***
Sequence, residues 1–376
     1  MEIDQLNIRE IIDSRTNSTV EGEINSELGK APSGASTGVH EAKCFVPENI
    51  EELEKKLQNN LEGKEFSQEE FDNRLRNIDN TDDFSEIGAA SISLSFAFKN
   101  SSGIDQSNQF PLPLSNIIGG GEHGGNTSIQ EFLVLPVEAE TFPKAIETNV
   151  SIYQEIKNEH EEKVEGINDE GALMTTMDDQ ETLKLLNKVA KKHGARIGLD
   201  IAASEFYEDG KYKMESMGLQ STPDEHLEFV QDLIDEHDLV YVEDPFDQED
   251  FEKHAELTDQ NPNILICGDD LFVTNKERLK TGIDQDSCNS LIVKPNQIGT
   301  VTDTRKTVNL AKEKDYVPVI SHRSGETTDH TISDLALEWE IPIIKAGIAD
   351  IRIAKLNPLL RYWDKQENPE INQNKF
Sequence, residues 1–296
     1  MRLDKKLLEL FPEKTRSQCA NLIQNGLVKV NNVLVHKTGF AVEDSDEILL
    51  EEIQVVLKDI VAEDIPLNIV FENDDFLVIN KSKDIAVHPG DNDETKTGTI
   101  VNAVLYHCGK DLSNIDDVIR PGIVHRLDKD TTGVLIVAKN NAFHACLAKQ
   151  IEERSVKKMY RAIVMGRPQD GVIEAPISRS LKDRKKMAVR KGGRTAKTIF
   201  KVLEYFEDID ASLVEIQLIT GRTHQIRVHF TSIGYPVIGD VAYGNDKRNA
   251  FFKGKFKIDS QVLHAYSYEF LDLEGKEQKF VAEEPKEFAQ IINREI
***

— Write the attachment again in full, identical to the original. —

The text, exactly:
Sequence, residues 1–376
     1  MEIDQLNIRE IIDSRTNSTV EGEINSELGK APSGASTGVH EAKCFVPENI
    51  EELEKKLQNN LEGKEFSQEE FDNRLRNIDN TDDFSEIGAA SISLSFAFKN
   101  SSGIDQSNQF PLPLSNIIGG GEHGGNTSIQ EFLVLPVEAE TFPKAIETNV
   151  SIYQEIKNEH EEKVEGINDE GALMTTMDDQ ETLKLLNKVA KKHGARIGLD
   201  IAASEFYEDG KYKMESMGLQ STPDEHLEFV QDLIDEHDLV YVEDPFDQED
   251  FEKHAELTDQ NPNILICGDD LFVTNKERLK TGIDQDSCNS LIVKPNQIGT
   301  VTDTRKTVNL AKEKDYVPVI SHRSGETTDH TISDLALEWE IPIIKAGIAD
   351  IRIAKLNPLL RYWDKQENPE INQNKF
Sequence, residues 1–296
     1  MRLDKKLLEL FPEKTRSQCA NLIQNGLVKV NNVLVHKTGF AVEDSDEILL
    51  EEIQVVLKDI VAEDIPLNIV FENDDFLVIN KSKDIAVHPG DNDETKTGTI
   101  VNAVLYHCGK DLSNIDDVIR PGIVHRLDKD TTGVLIVAKN NAFHACLAKQ
   151  IEERSVKKMY RAIVMGRPQD GVIEAPISRS LKDRKKMAVR KGGRTAKTIF
   201  KVLEYFEDID ASLVEIQLIT GRTHQIRVHF TSIGYPVIGD VAYGNDKRNA
   251  FFKGKFKIDS QVLHAYSYEF LDLEGKEQKF VAEEPKEFAQ IINREI